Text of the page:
Some members of the European Union’s parliament would like to see American tourists obtain a visa to visit Europe, the Wall Street Journal reports, illustrating the “hostility among some European politicians to the Trump administration.”
The call is in response to the fact that U.S. citizens can visit any European country without a visa, but the U.S. requires visas from citizens of five EU countries: Bulgaria, Croatia, Cyprus, Poland and Romania.
The request comes after the Trump administration’s executive order that temporarily barred travelers from seven countries in the Middle East and North Africa.
The legislature urged the European Commission to act within two months. The Commission was legally bound to propose by last April that visas be reintroduced for U.S. citizens for 12 months but the 28-nation bloc’s member countries preferred to take no action.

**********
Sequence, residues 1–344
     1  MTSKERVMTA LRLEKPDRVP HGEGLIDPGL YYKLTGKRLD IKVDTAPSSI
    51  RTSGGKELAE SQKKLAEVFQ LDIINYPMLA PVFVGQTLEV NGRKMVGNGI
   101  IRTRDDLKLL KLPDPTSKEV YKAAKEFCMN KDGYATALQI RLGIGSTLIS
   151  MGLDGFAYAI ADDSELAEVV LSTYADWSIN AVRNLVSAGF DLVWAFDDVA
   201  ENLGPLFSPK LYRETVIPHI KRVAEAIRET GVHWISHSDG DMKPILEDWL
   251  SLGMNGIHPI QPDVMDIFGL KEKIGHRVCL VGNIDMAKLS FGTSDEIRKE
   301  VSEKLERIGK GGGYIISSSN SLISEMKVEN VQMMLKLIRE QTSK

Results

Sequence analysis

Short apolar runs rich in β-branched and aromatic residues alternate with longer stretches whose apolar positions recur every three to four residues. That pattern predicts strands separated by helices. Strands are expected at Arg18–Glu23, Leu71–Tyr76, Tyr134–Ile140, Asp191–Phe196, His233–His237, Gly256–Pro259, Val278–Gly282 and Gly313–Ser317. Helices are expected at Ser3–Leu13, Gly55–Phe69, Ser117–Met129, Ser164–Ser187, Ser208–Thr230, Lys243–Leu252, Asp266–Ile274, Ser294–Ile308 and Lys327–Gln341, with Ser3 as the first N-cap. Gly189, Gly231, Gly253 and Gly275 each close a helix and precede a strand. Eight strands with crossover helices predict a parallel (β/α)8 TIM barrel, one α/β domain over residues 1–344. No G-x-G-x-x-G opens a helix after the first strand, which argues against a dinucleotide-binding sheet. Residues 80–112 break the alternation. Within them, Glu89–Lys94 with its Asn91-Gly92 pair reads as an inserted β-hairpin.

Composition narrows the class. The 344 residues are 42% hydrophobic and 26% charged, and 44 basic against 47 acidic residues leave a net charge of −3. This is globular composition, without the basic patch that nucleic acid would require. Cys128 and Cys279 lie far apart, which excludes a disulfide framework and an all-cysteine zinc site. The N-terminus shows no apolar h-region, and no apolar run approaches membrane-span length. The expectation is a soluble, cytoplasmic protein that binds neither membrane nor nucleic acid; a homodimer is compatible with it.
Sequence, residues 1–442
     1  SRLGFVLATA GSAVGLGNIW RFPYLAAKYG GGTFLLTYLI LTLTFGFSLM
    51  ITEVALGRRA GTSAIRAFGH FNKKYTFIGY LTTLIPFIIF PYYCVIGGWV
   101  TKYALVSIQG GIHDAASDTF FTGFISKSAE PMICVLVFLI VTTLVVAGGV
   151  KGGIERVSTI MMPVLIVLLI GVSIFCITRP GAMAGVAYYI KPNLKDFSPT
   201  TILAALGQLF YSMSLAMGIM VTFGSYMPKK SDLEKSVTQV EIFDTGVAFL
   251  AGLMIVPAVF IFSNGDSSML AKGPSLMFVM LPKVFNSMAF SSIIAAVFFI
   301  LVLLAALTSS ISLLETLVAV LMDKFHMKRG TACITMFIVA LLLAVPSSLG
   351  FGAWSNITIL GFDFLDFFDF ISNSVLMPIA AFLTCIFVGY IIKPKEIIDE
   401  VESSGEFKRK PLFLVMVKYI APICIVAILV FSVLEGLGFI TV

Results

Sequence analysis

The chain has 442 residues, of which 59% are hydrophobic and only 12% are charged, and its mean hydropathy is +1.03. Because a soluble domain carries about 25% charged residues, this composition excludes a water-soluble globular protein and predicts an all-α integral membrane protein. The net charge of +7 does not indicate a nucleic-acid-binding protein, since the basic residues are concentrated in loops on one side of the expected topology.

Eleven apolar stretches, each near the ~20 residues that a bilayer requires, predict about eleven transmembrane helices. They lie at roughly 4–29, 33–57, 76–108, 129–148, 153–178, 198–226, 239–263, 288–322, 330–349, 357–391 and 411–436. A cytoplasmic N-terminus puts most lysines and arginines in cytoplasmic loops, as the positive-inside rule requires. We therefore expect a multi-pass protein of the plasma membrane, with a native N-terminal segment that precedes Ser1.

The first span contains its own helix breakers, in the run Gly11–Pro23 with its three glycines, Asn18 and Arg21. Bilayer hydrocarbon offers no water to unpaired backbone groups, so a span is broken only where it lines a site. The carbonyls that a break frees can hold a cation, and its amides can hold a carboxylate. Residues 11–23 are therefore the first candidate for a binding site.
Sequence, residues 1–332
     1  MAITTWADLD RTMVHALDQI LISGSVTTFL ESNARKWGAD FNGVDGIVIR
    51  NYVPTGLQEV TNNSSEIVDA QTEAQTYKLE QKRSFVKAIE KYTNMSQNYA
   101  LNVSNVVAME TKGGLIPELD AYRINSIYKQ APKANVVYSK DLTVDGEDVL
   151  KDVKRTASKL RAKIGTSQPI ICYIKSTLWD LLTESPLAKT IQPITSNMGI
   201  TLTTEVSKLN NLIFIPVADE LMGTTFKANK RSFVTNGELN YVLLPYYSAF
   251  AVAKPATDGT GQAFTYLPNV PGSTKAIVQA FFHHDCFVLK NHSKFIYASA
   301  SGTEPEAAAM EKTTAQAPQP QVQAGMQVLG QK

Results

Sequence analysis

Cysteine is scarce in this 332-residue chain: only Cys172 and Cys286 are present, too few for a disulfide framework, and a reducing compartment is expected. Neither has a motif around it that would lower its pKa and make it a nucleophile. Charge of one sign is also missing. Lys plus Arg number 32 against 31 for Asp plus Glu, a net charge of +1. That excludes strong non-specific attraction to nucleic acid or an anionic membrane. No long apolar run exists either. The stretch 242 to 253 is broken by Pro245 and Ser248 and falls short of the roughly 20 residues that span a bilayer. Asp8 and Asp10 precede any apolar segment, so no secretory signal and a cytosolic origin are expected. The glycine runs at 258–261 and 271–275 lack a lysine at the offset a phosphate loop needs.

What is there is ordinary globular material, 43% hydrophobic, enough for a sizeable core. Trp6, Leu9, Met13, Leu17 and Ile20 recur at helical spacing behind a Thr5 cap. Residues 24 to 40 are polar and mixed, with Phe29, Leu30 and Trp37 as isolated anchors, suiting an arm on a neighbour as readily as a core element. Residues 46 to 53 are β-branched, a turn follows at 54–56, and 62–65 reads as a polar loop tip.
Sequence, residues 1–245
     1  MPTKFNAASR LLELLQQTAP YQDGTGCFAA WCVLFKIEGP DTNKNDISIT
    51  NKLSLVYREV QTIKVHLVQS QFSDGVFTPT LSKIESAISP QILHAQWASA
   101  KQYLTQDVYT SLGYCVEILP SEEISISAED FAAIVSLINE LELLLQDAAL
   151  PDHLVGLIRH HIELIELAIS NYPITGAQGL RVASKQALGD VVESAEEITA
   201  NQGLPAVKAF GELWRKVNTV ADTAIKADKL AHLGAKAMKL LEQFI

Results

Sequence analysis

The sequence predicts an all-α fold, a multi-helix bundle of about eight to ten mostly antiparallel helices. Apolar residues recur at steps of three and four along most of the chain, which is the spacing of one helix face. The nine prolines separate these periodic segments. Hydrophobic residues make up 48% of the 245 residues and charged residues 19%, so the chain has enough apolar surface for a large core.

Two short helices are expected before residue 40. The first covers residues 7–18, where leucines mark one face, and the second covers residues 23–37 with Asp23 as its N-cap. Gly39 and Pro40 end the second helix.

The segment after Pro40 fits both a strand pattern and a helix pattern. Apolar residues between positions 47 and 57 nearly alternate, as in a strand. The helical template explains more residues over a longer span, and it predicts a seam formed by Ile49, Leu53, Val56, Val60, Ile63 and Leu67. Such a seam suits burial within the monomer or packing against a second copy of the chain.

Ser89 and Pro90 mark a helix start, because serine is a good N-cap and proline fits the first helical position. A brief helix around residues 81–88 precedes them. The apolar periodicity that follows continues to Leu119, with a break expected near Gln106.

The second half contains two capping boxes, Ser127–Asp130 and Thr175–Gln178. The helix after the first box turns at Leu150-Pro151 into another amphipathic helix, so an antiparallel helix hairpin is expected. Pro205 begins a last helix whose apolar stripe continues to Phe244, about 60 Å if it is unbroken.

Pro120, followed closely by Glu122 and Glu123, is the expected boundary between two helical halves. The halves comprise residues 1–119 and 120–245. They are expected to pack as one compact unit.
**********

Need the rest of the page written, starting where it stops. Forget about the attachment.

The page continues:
The Commission has cautioned that suspending the visa waiver for Americans would also hurt trade, tourism and the European economy.
“As you know, our approach brought results with Canada. We will continue our engagement with the United States on this matter as well our broader cooperation on migration and security,” European Home-affairs Commissioner Dimitris Avramopoulos told the Journal.
Avramopoulos was referring to Canada, which in October agreed to lift its visa requirement for citizens from Romania and Bulgaria by December 1, 2017. The two countries made visa-free travel a key condition for their support of the Comprehensive Economic and Trade Agreement.